Inside look: the University's dining contract
Philadelphia-based firm has exclusive athletics, on-Grounds food supply contract
The University is continuing its search for a new dining hall provider, with its current contract with Philadelphia-based Aramark formally set to end July 1.
According to its contract with the University, Aramark currently has “exclusive rights to the University’s business in the Rotunda, all University dining locations, Newcomb Hall Ballroom and Commonwealth Room, the Colonnade Hotel, the John Paul Jones Arena and all suites located at Scott Stadium.” Additionally, Aramark is the “exclusive operator of the merchandise concession in University athletic venues.”
The contract stipulates the company is paid through an entitlement which consists of operating expenses, corporate overhead charges and a sales profit. Corporate overhead charges represent 3 percent of gross retail, board sales, gross concession sales and gross vending sales, while profit is defined as 2 percent of gross sales for board and retail operations and 5 percent of gross concession and vending sales.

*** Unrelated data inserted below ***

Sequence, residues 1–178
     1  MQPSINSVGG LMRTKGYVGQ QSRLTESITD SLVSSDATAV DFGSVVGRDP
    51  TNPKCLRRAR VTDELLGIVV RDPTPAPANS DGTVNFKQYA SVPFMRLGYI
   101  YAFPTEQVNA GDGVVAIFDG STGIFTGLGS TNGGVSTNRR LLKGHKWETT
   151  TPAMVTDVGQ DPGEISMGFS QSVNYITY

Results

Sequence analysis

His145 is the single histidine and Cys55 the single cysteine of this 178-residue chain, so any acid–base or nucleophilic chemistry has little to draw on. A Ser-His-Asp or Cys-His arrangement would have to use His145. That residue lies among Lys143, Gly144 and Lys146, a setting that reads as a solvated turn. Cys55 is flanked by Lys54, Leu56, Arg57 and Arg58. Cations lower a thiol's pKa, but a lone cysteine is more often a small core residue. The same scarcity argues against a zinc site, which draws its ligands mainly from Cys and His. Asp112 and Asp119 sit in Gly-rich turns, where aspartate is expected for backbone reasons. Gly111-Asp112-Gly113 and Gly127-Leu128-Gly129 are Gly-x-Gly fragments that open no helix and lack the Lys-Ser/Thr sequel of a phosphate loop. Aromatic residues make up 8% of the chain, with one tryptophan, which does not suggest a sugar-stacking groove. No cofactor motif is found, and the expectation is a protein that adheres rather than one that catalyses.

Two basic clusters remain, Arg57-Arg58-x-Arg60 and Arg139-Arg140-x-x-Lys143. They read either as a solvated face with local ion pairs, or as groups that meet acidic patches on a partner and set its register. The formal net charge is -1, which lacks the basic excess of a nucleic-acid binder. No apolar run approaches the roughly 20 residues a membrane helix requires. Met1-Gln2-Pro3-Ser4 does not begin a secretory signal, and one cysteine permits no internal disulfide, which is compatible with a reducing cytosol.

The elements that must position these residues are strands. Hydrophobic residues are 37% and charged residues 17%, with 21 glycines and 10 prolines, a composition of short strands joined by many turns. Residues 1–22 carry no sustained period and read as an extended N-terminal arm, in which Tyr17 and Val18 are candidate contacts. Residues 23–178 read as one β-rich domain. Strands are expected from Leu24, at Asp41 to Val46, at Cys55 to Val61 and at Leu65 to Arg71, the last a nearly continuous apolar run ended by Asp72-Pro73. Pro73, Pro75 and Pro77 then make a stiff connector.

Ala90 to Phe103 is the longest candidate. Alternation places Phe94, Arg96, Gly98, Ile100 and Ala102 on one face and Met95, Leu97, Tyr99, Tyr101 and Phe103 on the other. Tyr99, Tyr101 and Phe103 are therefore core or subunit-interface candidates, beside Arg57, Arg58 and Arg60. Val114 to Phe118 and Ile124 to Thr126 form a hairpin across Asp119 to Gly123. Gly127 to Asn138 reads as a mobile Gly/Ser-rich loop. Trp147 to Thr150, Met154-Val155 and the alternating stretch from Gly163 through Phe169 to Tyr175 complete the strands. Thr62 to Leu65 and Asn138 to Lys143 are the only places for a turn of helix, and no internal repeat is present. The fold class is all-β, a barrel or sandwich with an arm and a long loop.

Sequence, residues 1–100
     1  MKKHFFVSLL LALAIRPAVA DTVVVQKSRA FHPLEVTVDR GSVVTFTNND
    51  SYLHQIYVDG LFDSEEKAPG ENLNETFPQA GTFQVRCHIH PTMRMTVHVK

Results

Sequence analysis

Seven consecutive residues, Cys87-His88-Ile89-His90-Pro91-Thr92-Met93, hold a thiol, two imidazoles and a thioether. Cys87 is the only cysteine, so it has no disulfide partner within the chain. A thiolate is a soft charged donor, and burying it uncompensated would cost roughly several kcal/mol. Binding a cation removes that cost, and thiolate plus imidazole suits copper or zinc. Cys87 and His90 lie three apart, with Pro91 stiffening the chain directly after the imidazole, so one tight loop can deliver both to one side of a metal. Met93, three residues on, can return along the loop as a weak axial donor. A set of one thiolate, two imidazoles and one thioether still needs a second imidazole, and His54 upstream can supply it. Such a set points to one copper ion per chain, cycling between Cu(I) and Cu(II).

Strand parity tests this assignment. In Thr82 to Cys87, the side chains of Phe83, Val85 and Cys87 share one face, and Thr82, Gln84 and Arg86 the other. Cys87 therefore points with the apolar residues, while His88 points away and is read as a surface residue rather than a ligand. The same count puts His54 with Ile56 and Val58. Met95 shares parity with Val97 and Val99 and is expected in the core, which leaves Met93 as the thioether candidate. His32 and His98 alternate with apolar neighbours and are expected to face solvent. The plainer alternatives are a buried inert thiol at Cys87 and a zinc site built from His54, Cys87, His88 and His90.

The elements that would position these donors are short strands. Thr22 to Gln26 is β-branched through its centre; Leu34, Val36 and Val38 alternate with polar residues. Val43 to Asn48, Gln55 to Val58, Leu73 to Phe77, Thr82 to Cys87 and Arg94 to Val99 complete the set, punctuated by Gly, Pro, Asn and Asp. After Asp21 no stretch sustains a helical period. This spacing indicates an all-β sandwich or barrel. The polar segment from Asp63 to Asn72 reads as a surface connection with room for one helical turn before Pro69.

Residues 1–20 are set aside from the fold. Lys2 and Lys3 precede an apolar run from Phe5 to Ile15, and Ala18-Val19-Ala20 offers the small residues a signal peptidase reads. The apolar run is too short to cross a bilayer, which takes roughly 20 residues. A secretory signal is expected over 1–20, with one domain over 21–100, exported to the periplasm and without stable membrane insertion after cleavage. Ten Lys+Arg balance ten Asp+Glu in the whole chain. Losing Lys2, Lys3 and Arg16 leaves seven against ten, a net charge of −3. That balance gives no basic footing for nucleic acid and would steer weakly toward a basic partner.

In return for conducting business at the University, the contract also delineates Aramark is required to pay “University guarantees.” These include 14 percent of board and retail gross sales — or $2.5 million — 45 percent of “concessions gross sales at Scott Stadium, University Hall, Klöckner Stadium, and 15 percent for all other concession gross sales” — or $300,000 — and 25 percent of vending gross sales — or $250,000.
The contract also required Aramark to have invested $3.1 million “for certain facility renovations and the purchase and installation of food service equipment [and] an amount of $2,500,000 for the construction of new dining facilities or the renovation of existing facilities.”
Over the course of the contract, “ARAMARK will commit $300,000 … to upgrading and improving concessions facilities and equipment.”
Even as facilities are renovated, many students judge the effectiveness of a dining hall provider based on its presentation of food options.
Though Aramark works with University Dining Services to provide “healthy choice options” and respond to “special dietary needs of students,” some students said they were still unsatisfied with those options presented.
“As a vegetarian, I would like to see a greater variety of options in the dining halls,” second-year College student Noopur Tripathi said.
Other students said they are concerned with the food choices later at night.
“I wish the dining halls had greater diversity with healthy options, especially later in the evening, since usually only unhealthy options remain late at night,” first-year College student Pierce Eggan said.
The University has yet to announce which provider will replace Aramark.
“The University has not yet made an announcement on the dining contract,” University spokesperson McGregor McCance said. “I do not have a specific date for such.”
Aramark representatives could not be reached for comment.